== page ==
Cruise enables aircraft at high altitudes to utilize thin air to decrease the drag that exists on the plane. Less thrust needed results in significant fuel conservation during long-distance journeys on an aircraft. This is because many changes in speed or altitude are minimal and engines run at lower power settings. The autopilot controls the plane making sure that it maintains certain specific heading, altitude, and speed. Small corrections represent other interferences such as turbulence and wind affecting the airplane in the air.

It is over when is time to glide downward and land at the intended airport of the intended tourist locale. This is particularly true when on long trips where the plane may begin a descent multiple times owing to airspace jurisdiction changes or stormy conditions. However, it is important to note that the major portion of the descent is carried near the arrival airport.

Descent and Landing

The last phase of flight is the Landing phase during which the aircraft is maneuvered safely to the surface of the ground. The task in store here is to descend whilst the speed is maintained at an acceptable level. First, pilots employ low power settings and steep descents for a sustained rate of descent flying. This could take up to gliding with the engines at idle for an extended period. Stalling, overspeeding, or structural failure due to rapid changes in pressure are some of the reasons that can go wrong when the altitude is reduced. Thus, descents start several miles away from an airport. A normal jet airliner begins a descent to land anywhere between 100 to 150 nautical miles before reaching the destination airport.

Towards the end of the flight and when the aircraft is approaching the destination airport, it is required to also reduce its speed while descending. A speed brake is used by cockpit personnel on the wing to create drag. The landing gear is down and locked, and wing flaps are being slowly set. These actions increase drag if the aircraft is to be slowed down in the air. It may run the engines at a low speed for some time to increase and maintain speed if the aircraft slows down. The gear is down, the flaps are out most of the time soon after the aircraft has reached approximately 10,000 feet altitude.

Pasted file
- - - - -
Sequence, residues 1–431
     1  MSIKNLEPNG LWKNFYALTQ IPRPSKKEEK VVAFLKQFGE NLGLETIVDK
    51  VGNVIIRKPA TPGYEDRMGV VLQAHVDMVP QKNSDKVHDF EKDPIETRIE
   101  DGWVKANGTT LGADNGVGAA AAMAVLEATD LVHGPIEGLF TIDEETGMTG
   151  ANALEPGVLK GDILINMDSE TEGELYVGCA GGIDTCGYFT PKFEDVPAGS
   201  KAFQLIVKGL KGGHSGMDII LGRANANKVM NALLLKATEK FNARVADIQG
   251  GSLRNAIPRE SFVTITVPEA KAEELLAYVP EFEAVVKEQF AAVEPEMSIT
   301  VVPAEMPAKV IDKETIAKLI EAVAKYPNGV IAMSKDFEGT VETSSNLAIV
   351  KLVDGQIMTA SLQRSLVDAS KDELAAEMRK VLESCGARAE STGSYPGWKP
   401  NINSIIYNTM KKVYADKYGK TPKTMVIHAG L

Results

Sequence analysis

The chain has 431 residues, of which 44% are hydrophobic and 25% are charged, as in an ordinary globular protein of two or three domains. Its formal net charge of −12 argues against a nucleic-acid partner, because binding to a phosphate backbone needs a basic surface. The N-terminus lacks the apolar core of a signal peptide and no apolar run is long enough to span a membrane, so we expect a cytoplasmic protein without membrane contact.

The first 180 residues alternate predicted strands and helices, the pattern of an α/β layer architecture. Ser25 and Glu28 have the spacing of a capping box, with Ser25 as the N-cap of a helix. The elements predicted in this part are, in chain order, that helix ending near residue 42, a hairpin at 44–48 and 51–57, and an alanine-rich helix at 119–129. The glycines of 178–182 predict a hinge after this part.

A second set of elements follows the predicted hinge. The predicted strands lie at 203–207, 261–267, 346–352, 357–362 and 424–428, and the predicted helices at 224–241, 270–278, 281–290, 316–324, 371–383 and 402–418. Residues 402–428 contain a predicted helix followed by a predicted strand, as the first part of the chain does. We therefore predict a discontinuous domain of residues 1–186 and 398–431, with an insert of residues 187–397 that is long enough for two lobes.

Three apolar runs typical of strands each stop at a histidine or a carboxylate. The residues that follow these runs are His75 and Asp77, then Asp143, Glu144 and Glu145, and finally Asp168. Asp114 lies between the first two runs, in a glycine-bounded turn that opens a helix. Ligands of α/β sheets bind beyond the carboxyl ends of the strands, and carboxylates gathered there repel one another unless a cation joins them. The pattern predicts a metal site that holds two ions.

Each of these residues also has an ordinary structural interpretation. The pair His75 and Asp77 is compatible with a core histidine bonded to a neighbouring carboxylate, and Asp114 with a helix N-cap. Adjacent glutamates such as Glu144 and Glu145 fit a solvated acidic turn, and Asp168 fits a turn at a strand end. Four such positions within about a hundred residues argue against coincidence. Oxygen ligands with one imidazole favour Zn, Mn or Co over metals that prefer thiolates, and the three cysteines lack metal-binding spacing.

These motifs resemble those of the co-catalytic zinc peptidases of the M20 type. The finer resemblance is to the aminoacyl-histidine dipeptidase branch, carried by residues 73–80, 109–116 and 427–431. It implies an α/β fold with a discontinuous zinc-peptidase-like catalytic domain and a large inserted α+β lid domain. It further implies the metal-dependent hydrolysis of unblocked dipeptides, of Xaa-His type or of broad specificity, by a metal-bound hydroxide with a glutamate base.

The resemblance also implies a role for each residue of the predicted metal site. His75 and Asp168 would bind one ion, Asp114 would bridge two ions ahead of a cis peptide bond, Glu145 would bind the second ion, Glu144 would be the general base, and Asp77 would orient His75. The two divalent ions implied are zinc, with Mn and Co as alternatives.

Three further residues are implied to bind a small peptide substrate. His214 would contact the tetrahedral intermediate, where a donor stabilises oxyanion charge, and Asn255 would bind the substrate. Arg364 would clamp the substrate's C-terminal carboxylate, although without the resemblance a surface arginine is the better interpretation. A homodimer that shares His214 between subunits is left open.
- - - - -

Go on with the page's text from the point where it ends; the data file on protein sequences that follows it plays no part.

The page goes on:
The last phase of the descent continues into the landing process, as it is a part of this phase. Through the controlled 3-degree descent path towards the runway threshold, the pilot can maintain a smooth and safe approach. With the aid of the instruments and markers along the concrete strip, the aircraft is aligned with the runway centerline. During the flare, there is a short period in which altitude loss is stopped before the aircraft lands on the runway. Speed brakes which deploy causing rapid deceleration are accompanied by reverse thrust. The aircraft departs the runway once fully maneuvered, ending the fourth and last act of the flight.


All aircraft go through the same four cycles of operation during a flight from one airport to another they include take-off, climb, cruise, and landing. Just like in a game, the goals and the arrangement of the aircraft in each stage determine the efficiency and safety of the flight. The four stages of the cycle are in a manner that easily allows change of the altitude and speed for the aircraft. All the phases described are vital in pilot training, and it is a vital skill to master each of them. And the synchronization between them makes today's aircraft bring passengers safely through continents.